Run­ning De­bate

It’s Time for an Olympic Ul­tra

Canadian Running - - DEPARTMENTS - By Michael Doyle

The av­er­age round of golf takes a pro about four hours. Golf was f irst in­cluded in the 2016 Rio Olympics, os­ten­si­bly to draw in more TV view­ers. Over the course of four days of com­pe­ti­tion, the dul­cet tones of the com­men­ta­tors whis­per­ing near the green may or may not have lured mil­lions of view­ers to their TVs, and, cer­tainly in my case, lulled to sleep. Golf is a great game, and a global one at that, but it’s about as en­gag­ing for a viewer as be­ing the on-duty life­guard while Michael Phelps had his warm-up time.

In 2020, the In­ter­na­tional Olympic Com­mit­tee ( ioc), hell-bent on at­tract­ing a younger gen­er­a­tion of view­ers, will add climb­ing, karate and surf­ing to the pro­gramme. I’m go­ing to make a rad­i­cal pro­posal, that at first blush looks like I’m sug­gest­ing we con­sider “the golf of run­ning” as the next event in the Sum­mer Olympics: ul­tra-trail run­ning.

Yes, an ul­tra would be nearly im­pos­si­ble to broad­cast live, in its en­tirety on tele­vi­sion. But an ul­tra would be the ul­ti­mate Olympic sport for the stream­ing and VR era, which by 2020, will prob­a­bly over­take tele­vi­sion as the way we en­gage with sports. A 10- or 12-hour marathon of en­durance (ac­tu­ally four of them) and drama, tracked through a beau­ti­ful land­scape, such as up and down Mount Fuji in 2020, the French Alps in 2024, or rip­ping through Grif­fith Park in Los An­ge­les in 2028 would high­light each re­gion in a way never be­fore achieved at the Olympics. Ev­ery run­ner in the world would watch and think, “I need to run there.”

Of course, de­liv­er­ing this beauty, along with the dra­matic level of suf­fer­ing in a high-level ul­tra is about pack­ag­ing. A facile ar­gu­ment against hav­ing an ul­tra in the Olympics would be that lengthy events lose TV eye­balls, and you can’t sell tick­ets to pop­u­late the full course with a pay­ing fan­base. VR ex­pe­ri­ences and other emerg­ing tech­nolo­gies would not only drive in­ter­est to a sport like trail run­ning, but also chal­lenge the sta­tus quo for how we en­gage with sports as fans. With VR we could see where, say, we would be on the course, given our own cur­rent fit­ness as it has been fed into a Garmin dur­ing our own train­ing runs, thanks to the In­ter­net of Things. Or, we could go to any place along the course and vir­tu­ally stand there, on a moun­tain ledge in Chamois, watch­ing Canada’s Rob Krar hang on to an up­set win over Kilian Jor­net. Im­mer­sive sto­ry­telling would be key to mak­ing such a grand, ad­ven­tur­ous event a worth­while spec­ta­cle.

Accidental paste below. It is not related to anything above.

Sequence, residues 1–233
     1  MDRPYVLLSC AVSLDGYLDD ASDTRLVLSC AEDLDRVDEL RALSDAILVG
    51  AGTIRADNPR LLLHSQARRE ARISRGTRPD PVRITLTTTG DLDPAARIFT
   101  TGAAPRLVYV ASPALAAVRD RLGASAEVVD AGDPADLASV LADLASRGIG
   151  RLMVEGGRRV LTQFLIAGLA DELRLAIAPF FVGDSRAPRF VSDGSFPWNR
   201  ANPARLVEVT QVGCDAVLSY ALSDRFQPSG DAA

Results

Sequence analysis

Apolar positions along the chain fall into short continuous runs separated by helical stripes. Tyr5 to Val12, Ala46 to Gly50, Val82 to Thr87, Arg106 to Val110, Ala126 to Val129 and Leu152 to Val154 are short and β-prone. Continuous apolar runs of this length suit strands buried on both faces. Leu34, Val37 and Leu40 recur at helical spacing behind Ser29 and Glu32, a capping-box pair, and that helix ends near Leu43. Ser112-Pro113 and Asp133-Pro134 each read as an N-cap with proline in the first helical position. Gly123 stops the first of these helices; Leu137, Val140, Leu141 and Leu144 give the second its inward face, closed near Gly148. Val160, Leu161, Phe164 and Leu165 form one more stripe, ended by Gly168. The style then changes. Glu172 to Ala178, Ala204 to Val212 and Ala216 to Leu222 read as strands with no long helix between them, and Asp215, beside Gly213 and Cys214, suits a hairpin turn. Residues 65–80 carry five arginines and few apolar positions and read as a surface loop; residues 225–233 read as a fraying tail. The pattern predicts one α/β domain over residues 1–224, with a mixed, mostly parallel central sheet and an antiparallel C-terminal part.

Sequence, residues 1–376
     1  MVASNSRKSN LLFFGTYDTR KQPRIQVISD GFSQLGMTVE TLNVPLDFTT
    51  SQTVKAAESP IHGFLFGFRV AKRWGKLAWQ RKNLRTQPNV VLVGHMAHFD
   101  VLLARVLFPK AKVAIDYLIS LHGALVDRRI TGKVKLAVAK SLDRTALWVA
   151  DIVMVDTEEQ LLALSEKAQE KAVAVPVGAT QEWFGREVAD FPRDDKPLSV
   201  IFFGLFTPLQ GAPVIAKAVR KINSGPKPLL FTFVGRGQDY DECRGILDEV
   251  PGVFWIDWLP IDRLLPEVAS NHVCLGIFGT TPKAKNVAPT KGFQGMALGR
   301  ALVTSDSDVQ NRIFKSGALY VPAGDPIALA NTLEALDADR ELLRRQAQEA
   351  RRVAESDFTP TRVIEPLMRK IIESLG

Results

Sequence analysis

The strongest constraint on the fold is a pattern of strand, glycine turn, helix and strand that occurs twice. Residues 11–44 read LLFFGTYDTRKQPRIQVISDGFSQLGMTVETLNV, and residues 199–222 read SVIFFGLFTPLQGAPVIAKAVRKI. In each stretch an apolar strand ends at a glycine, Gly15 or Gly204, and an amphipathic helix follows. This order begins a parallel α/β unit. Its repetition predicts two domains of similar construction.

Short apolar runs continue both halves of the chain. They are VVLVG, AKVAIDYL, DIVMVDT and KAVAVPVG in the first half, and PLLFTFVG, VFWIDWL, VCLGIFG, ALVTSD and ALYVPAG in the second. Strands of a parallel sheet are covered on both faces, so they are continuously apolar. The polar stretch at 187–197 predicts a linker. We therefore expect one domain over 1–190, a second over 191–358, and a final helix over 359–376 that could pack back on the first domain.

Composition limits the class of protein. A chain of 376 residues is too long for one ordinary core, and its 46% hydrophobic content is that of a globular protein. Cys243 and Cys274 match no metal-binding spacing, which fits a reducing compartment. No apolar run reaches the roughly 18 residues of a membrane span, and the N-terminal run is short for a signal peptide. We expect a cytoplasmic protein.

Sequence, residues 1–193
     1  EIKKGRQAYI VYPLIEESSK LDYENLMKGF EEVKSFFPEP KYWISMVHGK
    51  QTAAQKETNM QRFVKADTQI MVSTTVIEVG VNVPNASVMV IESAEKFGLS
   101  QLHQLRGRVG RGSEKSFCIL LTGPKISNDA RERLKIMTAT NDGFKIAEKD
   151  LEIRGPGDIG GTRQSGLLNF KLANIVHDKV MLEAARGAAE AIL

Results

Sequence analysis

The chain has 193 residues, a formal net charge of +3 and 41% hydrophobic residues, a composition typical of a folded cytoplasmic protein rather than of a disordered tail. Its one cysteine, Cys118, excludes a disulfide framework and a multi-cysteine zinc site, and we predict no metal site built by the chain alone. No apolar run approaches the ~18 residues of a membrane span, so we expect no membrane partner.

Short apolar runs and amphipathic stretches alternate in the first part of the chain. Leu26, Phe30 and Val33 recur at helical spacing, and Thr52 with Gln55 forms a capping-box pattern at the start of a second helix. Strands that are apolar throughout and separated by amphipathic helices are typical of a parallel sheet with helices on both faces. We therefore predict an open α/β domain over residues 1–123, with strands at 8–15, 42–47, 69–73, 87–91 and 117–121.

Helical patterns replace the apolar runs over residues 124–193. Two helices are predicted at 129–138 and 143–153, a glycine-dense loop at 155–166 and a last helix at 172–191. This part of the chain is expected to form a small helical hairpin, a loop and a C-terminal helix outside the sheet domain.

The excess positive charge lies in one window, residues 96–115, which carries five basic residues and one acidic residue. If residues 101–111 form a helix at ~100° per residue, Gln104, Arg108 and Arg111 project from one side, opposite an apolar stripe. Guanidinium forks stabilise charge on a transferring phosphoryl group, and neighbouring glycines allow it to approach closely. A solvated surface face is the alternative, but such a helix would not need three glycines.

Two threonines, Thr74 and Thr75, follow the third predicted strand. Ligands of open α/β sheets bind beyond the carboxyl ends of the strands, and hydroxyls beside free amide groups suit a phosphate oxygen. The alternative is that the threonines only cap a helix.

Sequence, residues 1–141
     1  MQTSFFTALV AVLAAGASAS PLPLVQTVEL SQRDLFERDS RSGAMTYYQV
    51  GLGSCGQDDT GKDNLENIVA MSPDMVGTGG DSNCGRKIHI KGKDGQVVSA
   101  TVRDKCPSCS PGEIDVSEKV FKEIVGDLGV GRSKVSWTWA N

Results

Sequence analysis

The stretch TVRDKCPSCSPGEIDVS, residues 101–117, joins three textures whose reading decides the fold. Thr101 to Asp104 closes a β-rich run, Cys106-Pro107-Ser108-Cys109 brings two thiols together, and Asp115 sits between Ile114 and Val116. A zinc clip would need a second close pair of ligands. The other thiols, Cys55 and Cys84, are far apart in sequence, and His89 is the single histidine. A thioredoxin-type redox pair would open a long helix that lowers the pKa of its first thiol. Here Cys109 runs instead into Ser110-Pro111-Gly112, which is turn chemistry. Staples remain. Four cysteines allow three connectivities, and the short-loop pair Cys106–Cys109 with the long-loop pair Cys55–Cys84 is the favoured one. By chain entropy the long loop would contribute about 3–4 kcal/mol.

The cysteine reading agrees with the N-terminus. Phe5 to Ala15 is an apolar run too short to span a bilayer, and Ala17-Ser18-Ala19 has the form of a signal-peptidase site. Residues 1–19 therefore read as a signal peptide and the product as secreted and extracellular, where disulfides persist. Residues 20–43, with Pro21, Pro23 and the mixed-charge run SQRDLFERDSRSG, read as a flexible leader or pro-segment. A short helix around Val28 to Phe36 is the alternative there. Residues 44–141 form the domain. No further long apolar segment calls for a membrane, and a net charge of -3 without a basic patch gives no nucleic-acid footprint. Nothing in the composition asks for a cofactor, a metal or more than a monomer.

Let a videog­ra­pher like Billy Yang, who makes gor­geous, cap­ti­vat­ing pro­duc­tions, get cre­ative with a f leet of drones, GoPros on ath­letes and 360-de­gree cam­eras. This would also chal­lenge the io c and me­dia part­ners to bet­ter use their so­cial me­dia chan­nels so that we can fol­low along all day in a va­ri­ety of ways. This would make the three weeks of Olympics not just a se­ries of events, but a way of life for mil­lions of fans.

At the core of a suc­cess­ful sport­ing event is what re­al­ity tele­vi­sion pro­duc­ers call “great TV” – the un­scripted drama and sec­ondary sto­ry­lines that un­fold when the stakes are high and the ten­sion has in­creased. There is no more dra­matic, and thus far un­tapped, con­text for “great TV” than a 100-miler. Ath­letes are bat­tling their phys­i­cal lim­its, im­ple­ment­ing var­i­ous strate­gies and also try­ing to over­come the harsh re­al­i­ties of na­ture. I can think of no more har­row­ing and ex­tra­or­di­nary ex­pe­ri­ence than clear, im­mer­sive ac­cess to what it re­ally looks and feels like to run through the dark­ness, over a moun­tain, af­ter be­ing on your feet for eight hours, stalked by some of the tough­est com­peti­tors in the world. I want to watch that on my phone and in my liv­ing room as much as I want to watch track or a marathon, and cer­tainly more so than a round of golf, no mat­ter how much I love nap­ping.

ABOVE An­nie Jene rac­ing the Trail World Cham­pi­onships for Team Canada

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